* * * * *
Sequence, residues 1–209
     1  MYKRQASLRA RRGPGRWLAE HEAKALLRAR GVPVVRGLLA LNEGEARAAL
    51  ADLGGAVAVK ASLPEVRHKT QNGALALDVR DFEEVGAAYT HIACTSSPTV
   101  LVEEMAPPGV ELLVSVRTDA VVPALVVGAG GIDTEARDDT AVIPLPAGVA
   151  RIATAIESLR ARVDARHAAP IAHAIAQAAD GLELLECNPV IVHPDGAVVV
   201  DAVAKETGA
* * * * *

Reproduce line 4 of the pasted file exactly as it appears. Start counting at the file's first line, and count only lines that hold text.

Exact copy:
   101  LVEEMAPPGV ELLVSVRTDA VVPALVVGAG GIDTEARDDT AVIPLPAGVA